hi fresh, fresher and freshest,
it shows the “density” of drops in the cell. In the end, it is just another way to estimate the call drop rate in the cell.
= 2 erl/drop = 120 minute-erl/drop
There is 1 drop every 2 hours of communication in the cell.
Now let’s assume that 1 call = 1 minute
There are 20 erlangs, that’s 20 hours = 1,200 minutes = 1,200 calls
CDR = 10/1,200 = 0.89%
There is a proportional relationship between min-erl/drop and the call drop rate. You could as well use the following formula :
drops / (erlang * 3600 / tch_average_duration [s])
the main difference is that if TCH are shorter than usual (due to HO for example), it means there are more calls in the cell, but still the same amount of drops : you drop rate decreases.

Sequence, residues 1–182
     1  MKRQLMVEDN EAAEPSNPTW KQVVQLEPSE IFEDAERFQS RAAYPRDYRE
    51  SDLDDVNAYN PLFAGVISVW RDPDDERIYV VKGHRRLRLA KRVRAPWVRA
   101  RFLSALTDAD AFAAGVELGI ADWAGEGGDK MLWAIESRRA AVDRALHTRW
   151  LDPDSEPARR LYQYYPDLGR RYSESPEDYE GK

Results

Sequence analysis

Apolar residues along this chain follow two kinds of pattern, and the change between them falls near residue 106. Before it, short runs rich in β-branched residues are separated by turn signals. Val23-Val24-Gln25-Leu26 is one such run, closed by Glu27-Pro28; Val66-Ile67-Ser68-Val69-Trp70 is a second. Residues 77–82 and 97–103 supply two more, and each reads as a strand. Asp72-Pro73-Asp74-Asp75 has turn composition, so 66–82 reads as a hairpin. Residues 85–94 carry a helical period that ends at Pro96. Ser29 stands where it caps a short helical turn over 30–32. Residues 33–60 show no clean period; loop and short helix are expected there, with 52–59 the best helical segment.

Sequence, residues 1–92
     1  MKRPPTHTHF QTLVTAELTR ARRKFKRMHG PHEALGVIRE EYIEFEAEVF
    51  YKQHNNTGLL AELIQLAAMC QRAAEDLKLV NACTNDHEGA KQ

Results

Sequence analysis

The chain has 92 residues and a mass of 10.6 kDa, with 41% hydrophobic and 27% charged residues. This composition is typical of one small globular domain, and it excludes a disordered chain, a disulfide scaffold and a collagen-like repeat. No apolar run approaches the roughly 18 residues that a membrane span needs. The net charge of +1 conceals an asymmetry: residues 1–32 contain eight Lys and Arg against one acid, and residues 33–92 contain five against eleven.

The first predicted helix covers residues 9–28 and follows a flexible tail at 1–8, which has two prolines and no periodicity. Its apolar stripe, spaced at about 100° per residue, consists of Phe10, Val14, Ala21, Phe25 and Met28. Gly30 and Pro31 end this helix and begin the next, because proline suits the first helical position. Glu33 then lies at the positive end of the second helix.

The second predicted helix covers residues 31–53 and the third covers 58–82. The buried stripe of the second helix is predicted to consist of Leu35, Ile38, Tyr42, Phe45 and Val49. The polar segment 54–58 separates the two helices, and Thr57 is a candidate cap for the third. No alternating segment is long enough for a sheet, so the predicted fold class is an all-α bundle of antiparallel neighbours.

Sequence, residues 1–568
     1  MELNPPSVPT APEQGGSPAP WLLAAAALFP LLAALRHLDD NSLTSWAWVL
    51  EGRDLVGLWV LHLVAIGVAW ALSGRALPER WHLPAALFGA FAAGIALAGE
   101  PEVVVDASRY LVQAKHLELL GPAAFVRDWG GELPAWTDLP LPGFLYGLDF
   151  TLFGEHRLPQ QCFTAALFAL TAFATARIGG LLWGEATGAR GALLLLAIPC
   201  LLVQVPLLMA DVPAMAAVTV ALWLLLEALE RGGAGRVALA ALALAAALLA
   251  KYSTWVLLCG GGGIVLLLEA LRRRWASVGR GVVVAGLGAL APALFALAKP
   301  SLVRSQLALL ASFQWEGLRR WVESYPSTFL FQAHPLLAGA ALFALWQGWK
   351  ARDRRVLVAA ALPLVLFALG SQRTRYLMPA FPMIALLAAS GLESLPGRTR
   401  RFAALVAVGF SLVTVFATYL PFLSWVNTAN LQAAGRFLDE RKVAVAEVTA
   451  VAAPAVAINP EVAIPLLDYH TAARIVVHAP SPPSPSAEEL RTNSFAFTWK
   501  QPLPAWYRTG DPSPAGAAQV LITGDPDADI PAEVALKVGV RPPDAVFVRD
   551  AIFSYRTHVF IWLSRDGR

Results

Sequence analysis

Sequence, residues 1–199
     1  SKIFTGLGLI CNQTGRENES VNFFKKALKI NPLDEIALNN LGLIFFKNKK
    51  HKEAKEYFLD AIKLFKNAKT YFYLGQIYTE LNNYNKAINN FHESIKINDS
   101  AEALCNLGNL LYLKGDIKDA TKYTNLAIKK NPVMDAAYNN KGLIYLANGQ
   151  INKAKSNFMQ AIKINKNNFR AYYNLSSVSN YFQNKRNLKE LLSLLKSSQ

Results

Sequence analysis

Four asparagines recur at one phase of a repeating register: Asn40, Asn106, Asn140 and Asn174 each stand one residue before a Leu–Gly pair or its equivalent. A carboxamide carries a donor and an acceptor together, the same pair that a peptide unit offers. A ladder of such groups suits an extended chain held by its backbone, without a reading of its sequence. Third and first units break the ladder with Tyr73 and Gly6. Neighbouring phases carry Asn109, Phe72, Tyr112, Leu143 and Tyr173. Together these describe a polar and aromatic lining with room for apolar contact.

If TCH are longer than usual, the drop rate increases. But a “drop” KPI should not be impacted by TCH duration.
Whereas the minute-erlang per drop remains stable whatever the duration of the TCH.
It looks like the min-erlang per drop is a more objective approach than the call drop rate, especially in networks with a high amount of handovers. Problematic cells with high amount of HO have shorter TCH, therefore they have a better call drop rate than the subscribers are experiencing.
Well, while writing this post I convinced myself that erl/drop is useful :)) I am a manipulative master….